Thursday, June 17, 2010

No More Sympathy For the Impatient Motorist

Perhaps it's a product of the continually growing length of time I have gone without driving (my license is actually expired now pending renewal after I realized), but I am becoming less tolerant and understanding of the wants of impatient drivers and the double standards they apply to other road users. I was waiting to go straight on Broadway Ave. during lunch and practicing my track stand in the process. A driver pulls up and honks at me to get out of the way so she can make a right on red. First of all it is not marked as a right turn only lane, since cyclists can continue through the connecting bike lane. Second of all, rights on red are hazardous to pedestrian traffic by their very nature, and are illegal in more pedestrian oriented places, so I am not inclined to be that sympathetic to someone trying to make a right on red to begin with. If I was in a car waiting to go forward in a lane that was not marked as turn only, there is no way she would have honked, it's a clear double standard of treatment that comes from a belief that even on streets with a bike lane, cyclists do not belong on the road or at least belong on it less than drivers. She asked more nicely out of her window after honking 3 times, but sorry I'm not budging anymore, I'm not going to accept this get to the back of the bus mentality drivers exert over cyclists. By that time the light changed anyways, a delay of perhaps 15 seconds, but to the driver, 15 seconds is often so valuable it is exchanged even when it is risking the lives others.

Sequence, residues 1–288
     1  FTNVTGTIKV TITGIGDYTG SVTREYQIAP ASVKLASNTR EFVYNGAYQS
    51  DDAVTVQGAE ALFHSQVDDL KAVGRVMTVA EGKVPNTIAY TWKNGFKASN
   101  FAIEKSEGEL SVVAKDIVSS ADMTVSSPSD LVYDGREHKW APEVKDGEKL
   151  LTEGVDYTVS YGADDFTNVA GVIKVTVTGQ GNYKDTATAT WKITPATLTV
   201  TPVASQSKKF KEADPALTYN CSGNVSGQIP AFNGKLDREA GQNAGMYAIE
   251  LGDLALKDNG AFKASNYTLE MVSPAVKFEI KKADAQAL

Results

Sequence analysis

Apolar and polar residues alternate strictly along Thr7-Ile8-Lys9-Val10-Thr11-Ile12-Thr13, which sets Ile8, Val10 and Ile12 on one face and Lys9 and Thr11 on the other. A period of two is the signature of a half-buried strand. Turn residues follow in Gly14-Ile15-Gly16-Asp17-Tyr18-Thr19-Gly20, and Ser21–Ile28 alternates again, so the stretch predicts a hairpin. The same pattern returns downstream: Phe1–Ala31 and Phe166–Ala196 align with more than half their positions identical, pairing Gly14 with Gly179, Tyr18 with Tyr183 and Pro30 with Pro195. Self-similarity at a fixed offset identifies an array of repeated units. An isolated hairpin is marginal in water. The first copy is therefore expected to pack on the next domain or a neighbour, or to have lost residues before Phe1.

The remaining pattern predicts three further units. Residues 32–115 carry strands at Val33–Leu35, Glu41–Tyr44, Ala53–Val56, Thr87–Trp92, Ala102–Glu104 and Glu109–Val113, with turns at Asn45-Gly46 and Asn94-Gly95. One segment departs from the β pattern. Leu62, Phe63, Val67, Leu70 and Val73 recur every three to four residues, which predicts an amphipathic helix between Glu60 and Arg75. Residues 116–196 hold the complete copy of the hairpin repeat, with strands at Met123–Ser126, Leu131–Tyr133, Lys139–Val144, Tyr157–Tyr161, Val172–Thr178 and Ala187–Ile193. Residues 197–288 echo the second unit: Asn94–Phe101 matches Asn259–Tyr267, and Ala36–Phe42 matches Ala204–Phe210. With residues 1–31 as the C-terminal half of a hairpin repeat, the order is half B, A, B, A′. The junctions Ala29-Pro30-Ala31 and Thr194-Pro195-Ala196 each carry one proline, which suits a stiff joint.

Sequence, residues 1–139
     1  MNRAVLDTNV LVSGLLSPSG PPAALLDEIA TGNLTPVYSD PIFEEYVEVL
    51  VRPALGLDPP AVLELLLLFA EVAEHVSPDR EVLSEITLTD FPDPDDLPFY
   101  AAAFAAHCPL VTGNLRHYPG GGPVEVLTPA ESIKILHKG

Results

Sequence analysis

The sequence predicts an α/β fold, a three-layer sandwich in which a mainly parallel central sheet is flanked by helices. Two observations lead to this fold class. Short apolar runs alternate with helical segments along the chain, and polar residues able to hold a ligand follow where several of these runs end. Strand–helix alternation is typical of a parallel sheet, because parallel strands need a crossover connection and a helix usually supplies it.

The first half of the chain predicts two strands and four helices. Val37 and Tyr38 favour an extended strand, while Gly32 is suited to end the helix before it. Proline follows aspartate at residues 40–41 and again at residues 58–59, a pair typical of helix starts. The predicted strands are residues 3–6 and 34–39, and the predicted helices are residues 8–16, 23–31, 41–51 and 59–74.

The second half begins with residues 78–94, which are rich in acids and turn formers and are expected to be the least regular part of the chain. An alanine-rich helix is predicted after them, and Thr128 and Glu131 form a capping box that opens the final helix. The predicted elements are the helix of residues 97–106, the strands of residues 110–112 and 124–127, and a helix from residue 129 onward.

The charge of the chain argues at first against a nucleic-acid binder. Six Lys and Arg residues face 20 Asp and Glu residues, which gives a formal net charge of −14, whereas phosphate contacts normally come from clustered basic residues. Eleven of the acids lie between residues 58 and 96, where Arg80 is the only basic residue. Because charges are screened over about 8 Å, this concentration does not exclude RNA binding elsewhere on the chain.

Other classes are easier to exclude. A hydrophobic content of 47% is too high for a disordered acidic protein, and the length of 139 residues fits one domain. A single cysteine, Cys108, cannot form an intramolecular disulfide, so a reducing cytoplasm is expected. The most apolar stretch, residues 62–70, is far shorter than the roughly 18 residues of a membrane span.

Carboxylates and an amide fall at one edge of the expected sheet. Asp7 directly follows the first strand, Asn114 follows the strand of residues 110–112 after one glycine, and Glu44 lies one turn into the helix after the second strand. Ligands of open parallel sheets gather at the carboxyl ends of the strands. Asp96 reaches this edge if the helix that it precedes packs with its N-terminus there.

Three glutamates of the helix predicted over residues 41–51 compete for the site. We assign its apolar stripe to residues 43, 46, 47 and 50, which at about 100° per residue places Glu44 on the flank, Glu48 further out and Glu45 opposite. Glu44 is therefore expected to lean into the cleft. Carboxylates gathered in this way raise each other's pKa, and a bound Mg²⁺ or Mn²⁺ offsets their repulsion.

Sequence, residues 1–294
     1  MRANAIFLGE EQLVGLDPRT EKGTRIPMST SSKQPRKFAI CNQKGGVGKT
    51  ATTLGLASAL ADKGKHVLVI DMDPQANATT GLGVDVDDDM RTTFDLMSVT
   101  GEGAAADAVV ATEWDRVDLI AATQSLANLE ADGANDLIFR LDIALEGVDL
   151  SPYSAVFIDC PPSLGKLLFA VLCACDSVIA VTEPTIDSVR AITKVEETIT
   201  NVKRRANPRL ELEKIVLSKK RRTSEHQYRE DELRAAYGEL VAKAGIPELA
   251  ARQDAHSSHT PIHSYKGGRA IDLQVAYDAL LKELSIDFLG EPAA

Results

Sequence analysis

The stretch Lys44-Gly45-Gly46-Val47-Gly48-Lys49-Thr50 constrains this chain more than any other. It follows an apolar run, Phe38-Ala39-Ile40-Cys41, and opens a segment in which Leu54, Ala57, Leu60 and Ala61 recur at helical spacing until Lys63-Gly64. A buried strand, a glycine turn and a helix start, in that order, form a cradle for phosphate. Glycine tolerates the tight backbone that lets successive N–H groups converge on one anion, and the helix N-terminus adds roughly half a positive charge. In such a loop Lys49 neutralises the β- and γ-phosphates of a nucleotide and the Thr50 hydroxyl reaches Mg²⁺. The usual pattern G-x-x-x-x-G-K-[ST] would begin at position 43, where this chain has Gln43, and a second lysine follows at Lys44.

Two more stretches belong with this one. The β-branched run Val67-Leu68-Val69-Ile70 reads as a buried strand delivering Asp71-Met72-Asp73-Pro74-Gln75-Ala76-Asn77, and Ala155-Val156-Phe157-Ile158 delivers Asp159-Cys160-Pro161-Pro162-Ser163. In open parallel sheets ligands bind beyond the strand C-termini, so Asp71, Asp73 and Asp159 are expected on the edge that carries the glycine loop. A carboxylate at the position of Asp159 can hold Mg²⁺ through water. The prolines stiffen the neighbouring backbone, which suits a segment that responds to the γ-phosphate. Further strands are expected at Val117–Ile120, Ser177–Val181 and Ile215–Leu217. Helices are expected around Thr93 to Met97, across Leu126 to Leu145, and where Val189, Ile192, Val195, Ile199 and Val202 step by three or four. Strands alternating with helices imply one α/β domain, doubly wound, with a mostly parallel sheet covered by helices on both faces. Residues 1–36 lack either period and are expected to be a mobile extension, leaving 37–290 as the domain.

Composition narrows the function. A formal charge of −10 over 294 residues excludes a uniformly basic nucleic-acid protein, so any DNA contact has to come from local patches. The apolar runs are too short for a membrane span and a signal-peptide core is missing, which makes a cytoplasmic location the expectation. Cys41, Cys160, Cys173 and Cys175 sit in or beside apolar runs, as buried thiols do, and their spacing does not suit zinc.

Sometimes I go through ebbs and flows of more aggressive and cooperative stances with the world of driving. Lately reading the book Fighting Traffic, about the history of the dawn of the auto age in America, has me leaning a little more on the aggressive side. Automobile interest groups and drivers wrestled the purpose of streets from everyone else, often by bloody force (200,000 Americans were killed on roads in the 1920's, a majority were pedestrians back then). It was not uncommon in the early decades of automobiles on the streets for newspapers to depict the typical driver as Satan, and mass memorial services for slain children were common in urban places. Safety campaigns eventually brought down the proportion of pedestrian fatalities, but in the process began to highly limit what had been previously very liberal rights to those who walked in cities. Eventually "motordom", as the auto interests called them selves began influencing the entire design of cities around principles essentially tailored to sell more cars. Auto clubs tried to sell the idea of cars with sexy ads, and promises of freedom, but just as often they were launching campaigns against pedestrians, referring to them as bumbling idiots and creating the term jay walker, blasting against campaigns for car regulation with counter ads that fed on anti-government fears and even stoking racism at times. If we are going to create a culture change of the purpose and dynamics of city streets to be safer and more inviting for all users, we will sometimes have to play dirty too, and we cannot simply back down and make way for every driver who is quick to their horn.

8 comments:

danceralamode said...

I know what you mean, sometimes I just want to enjoy my ride and not fight traffic, so I'll be more docile, but sometimes, dammit, I have a right to be here.

The same thing happened to me on a long ride down and back up the coast. I was on PCH going through Laguna, and was stopped in the right hand lane that was not a right turn only sign. Not only was I there, but also another cyclist next to me (who had shoaled a little but was waiting behind).

The woman honked on her horn twice, and I ignored her. Then she rolled down her window and called out (politely) "excuse me, but I need to turn right and I don't want to hit you."

All I could think is, "so, regardless of whether I move or not, you're going to turn right. You're going to just mow me down, but you'd rather not hit me?"